CHARLESTON, W.Va.— Scrapping to keep a West Virginia Senate seat Democratic in a state that's sprinted to the right, Natalie Tennant is counting on her allegiance to the coal industry to separate herself from an unpopular President Barack Obama. Mary Landrieu is vying for a fourth term representing Louisiana; Alaska Sen.» Read More
Gustav has unfurled a wall of worry for stocks in the week ahead.
For the week and month ending Friday, August 29, 2008, the major U.S. Indices ended slightly lower for the week but up for the month. The markets had a volatile week, sinking first on housing price drops and an up-tick in oil prices, then rallying on better-than-expected GDP numbers, and finally falling to end the week on worse-than-expected personal income and spending data. The Dow hit a 200+ point rally on Thursday, its largest one day gain since 8/8. The NASDAQ led the indices to the downside this week, down nearly 2%. For the August close, the Dow, Nasdaq and S&P all finished up 1.5% or more, marking the best monthly gain since April for the Dow & S&P, and best month for the Nasdaq since May.
The market rallies on Friday with the Dow, NASDAQ and S&P all up 1% or more, on light volume, but Friday's gains are not enough to boost the market's weekly performance out of negative territory. Energy stocks dominate.
For the second day in a row traders are almost speechless to see that a severe storm isn’t pushing crude higher. What’s going on?
Gustav strengthened back into a hurricane in the warm Caribbean on Friday as it left flooded Jamaica and churned toward the Cayman Islands, headed for the Gulf of Mexico on the third anniversary of Hurricane Katrina's deadly strike on New Orleans.
Italy's national airline Alitalia says it has filed for bankruptcy protection, taking the first step in reshaping what has been a failing company.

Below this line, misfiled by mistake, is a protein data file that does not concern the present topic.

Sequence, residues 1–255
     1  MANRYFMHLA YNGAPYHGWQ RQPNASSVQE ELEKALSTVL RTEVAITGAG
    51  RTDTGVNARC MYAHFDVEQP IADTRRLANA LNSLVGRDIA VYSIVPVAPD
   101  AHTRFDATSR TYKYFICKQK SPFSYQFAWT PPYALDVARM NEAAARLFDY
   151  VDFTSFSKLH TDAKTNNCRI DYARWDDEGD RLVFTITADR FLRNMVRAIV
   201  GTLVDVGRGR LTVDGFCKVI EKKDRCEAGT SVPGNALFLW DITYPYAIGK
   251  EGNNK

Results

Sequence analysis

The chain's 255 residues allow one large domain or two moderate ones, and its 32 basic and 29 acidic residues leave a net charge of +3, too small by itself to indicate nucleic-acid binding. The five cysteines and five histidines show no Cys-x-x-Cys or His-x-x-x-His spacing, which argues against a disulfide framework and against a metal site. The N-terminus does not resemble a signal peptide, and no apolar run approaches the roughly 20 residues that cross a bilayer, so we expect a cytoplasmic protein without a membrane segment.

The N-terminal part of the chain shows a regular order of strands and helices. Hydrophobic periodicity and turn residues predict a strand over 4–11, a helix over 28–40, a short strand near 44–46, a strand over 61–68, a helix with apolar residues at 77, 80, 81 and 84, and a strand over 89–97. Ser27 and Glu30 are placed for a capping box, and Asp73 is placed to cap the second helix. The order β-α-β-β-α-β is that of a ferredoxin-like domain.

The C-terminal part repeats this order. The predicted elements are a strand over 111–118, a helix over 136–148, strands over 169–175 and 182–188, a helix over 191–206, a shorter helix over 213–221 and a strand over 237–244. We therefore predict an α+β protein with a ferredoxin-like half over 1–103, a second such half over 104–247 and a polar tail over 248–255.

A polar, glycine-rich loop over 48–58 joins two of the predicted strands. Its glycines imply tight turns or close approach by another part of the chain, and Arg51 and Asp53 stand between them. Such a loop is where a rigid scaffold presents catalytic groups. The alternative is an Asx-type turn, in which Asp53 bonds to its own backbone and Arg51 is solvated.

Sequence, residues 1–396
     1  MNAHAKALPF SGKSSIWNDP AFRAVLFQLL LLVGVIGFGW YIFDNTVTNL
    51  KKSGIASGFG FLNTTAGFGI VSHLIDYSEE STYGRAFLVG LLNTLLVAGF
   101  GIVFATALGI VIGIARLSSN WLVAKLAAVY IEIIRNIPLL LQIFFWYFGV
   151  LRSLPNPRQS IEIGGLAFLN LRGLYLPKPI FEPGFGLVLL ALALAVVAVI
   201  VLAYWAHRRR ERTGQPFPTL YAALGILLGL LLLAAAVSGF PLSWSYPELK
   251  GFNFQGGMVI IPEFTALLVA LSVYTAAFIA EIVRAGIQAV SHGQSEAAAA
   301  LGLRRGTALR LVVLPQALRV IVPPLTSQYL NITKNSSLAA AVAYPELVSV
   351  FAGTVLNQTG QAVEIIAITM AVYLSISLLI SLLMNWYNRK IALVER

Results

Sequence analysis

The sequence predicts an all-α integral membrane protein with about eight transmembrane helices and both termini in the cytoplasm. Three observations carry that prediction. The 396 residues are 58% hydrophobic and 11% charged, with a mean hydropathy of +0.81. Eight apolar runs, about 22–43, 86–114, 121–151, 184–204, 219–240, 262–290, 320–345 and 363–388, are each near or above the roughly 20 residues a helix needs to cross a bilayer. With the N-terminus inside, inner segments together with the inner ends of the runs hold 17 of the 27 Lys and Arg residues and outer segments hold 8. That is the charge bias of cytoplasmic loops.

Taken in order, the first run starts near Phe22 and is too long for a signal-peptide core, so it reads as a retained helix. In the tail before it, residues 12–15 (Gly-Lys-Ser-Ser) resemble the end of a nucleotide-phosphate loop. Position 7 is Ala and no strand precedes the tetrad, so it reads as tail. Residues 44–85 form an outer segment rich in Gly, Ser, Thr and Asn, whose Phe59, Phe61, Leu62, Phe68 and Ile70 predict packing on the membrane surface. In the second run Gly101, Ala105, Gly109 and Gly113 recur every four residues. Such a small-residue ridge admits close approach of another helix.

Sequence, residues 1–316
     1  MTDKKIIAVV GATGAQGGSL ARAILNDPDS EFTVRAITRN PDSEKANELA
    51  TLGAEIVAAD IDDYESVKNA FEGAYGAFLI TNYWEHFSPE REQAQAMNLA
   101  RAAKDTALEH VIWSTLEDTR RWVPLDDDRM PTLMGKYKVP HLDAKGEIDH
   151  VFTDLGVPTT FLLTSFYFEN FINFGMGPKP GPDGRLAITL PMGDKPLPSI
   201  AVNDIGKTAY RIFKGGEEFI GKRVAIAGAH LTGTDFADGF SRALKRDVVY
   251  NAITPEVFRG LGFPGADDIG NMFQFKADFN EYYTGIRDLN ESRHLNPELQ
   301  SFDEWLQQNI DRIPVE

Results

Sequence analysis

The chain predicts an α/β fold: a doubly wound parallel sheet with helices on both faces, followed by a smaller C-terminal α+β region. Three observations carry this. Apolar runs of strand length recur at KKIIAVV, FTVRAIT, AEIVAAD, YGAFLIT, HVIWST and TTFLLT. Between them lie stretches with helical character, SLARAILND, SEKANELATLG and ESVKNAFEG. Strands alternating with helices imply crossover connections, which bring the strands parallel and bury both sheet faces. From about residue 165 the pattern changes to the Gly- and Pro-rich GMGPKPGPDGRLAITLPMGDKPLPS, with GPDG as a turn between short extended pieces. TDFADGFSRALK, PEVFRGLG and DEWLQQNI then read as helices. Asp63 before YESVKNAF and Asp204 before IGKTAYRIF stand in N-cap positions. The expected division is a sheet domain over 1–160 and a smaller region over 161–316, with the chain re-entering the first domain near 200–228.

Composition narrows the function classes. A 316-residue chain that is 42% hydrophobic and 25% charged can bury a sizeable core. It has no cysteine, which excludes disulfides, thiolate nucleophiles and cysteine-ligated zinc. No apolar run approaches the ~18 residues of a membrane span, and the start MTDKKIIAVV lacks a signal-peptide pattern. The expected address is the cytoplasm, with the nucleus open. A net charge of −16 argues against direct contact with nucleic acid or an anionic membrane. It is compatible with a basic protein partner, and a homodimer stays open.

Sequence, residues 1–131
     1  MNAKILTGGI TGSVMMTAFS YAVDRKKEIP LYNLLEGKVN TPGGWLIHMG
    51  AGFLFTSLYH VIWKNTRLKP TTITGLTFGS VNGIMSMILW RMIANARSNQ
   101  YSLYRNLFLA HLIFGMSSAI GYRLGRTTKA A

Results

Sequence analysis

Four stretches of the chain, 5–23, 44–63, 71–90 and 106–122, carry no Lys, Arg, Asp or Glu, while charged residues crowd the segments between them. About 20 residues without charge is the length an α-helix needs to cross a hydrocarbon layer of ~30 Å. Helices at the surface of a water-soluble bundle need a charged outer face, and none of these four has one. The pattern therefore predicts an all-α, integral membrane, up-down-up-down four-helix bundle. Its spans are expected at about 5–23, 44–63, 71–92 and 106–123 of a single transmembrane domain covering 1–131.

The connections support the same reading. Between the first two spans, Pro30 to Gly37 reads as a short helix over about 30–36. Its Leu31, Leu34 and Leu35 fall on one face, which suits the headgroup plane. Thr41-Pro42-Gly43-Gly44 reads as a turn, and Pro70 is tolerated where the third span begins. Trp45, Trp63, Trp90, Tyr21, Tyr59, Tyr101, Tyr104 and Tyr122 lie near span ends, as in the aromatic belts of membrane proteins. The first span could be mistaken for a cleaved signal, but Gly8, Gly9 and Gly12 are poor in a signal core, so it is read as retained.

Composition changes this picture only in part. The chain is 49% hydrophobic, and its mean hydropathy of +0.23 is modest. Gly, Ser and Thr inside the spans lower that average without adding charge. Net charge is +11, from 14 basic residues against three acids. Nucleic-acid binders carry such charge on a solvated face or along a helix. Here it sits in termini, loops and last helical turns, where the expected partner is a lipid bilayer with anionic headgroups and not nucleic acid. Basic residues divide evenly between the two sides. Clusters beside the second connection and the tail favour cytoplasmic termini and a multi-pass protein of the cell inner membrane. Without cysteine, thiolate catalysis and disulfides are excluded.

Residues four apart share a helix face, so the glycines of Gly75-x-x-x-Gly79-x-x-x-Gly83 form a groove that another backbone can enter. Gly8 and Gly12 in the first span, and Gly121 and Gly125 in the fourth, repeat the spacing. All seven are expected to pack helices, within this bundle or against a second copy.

There's an interesting theory when it comes to the SUV market. It goes like this: now is the best time to buy an SUV because the used market has bottomed out and prices will soon start going up. The more I've heard this, the more I've talked with dealers. And you know what their reaction is? A good laugh.
Russian gas stocks like Gazprom, Lukoil are Rosneft are very attractive at current valuations, but only for investors ready to make a risky play, James Bevan, chief investment officer at CCLA Investment Management, told CNBC Friday.
Ding, dong Dell. The computer marker's after hours earnings miss could put a dent in tech in Friday's quiet, pre-holiday session.
Gustav hasn't even made landfall, and it's already hitting consumers in the pocket book. Gasoline could jump 10 to 15 cents a gallon at the pump over the Labor Day weekend for some drivers, according to Tom Kloza, chief analyst at the Oil Price Information Service.
The Dow rose sharply on Thursday after the government reported the economy grew at a surprisingly robust clip in the second quarter and oil prices eased.
Three years after Hurricane Katrina, New Orleans' deputy chief of Army Corps of Engineers comments on how the city is preparing for future storms. Plus, ClimateMaster introduces a device that uses geothermal power. Following are today's top videos:
Gustav continues to rumble toward the Gulf, but you wouldn't know it looking at energy prices Thursday. What’s going on when a potential hurricane can’t lift crude?
See, even mighty Toyota Motor is shifting into a slower gear. This morning in Tokyo, the company gave its business outlook for 2009 and beyond. It was mixed -- which is not surprising, given the economy. Here's Toyota's plan to stay ahead.
Thursday's markets will be quiet, but there are a few important undercurrents investors are watching.
SEC Chairman Christopher Cox talks about Fannie Mae and Freddie Mac's stock movements while Sin City's gambling industry faces an economic earthquake. Following are today's top videos:
Traders pushed the price of crude oil higher for the week on forecasts that Tropical Storm Gustav will intensify into a hurricane. Should you bet on the barrel?
Actually, Gustav is a tropical storm right now. But either way Cramer says this play is a mistake. Here's why.
Wednesday's weather models reinforce that Hurricane Gustav could be the most powerful storm to rip through Gulf of Mexico oil and gas production areas since Katrina. It will be the first storm to test the industry's efforts to reinforce its oil and gas production infrastructure.
Since I've started this blog I've have had people react strongly to some of the things I've said. But NOTHING compares to the e-mails I've read after advocating the need for Federal loans to help the Big 3 automakers re-tool and rebuild their operations.
Get the best of CNBC in your inbox